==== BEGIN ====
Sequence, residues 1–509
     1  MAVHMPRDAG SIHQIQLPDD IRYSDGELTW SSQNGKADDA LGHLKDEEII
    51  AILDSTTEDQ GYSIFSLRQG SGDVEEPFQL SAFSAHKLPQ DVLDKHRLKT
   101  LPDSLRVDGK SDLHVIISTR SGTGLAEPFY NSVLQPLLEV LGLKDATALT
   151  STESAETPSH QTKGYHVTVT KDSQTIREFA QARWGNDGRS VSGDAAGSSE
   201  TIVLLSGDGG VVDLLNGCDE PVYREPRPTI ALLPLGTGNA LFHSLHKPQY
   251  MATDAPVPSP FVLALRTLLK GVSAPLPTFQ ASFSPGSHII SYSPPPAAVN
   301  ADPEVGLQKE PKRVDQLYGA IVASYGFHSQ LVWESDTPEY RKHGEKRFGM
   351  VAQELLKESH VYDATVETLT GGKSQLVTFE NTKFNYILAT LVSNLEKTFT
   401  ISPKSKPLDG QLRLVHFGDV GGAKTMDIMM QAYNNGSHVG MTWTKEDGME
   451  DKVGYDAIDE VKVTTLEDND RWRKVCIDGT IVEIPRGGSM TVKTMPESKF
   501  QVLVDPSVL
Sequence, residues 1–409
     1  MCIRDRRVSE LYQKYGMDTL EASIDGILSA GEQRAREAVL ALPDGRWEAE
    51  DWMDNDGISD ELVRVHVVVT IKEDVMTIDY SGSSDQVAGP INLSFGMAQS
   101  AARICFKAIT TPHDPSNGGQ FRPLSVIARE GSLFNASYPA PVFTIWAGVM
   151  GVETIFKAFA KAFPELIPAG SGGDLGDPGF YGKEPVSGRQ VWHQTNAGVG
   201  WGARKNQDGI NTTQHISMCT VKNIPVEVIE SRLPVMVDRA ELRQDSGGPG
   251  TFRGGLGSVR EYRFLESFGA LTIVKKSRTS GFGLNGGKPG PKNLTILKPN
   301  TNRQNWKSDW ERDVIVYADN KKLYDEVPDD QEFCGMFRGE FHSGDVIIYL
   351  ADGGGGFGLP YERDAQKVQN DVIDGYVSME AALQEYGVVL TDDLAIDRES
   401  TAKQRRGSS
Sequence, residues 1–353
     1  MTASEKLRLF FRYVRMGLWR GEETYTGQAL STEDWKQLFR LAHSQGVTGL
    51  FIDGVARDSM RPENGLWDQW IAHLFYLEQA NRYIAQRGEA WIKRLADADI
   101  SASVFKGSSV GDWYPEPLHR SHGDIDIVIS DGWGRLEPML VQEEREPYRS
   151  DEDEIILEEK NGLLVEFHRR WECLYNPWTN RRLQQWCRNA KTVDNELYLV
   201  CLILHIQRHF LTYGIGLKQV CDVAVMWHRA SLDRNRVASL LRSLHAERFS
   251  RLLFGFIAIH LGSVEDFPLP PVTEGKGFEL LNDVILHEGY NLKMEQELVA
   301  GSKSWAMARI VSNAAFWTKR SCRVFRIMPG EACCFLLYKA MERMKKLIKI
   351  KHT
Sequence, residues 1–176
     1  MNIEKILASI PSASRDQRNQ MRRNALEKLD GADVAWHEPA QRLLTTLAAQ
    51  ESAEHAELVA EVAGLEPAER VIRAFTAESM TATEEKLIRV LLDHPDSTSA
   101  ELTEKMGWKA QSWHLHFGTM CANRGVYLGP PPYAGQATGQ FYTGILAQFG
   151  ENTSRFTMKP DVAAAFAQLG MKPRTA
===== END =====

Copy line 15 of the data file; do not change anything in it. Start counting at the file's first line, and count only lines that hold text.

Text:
    51  DWMDNDGISD ELVRVHVVVT IKEDVMTIDY SGSSDQVAGP INLSFGMAQS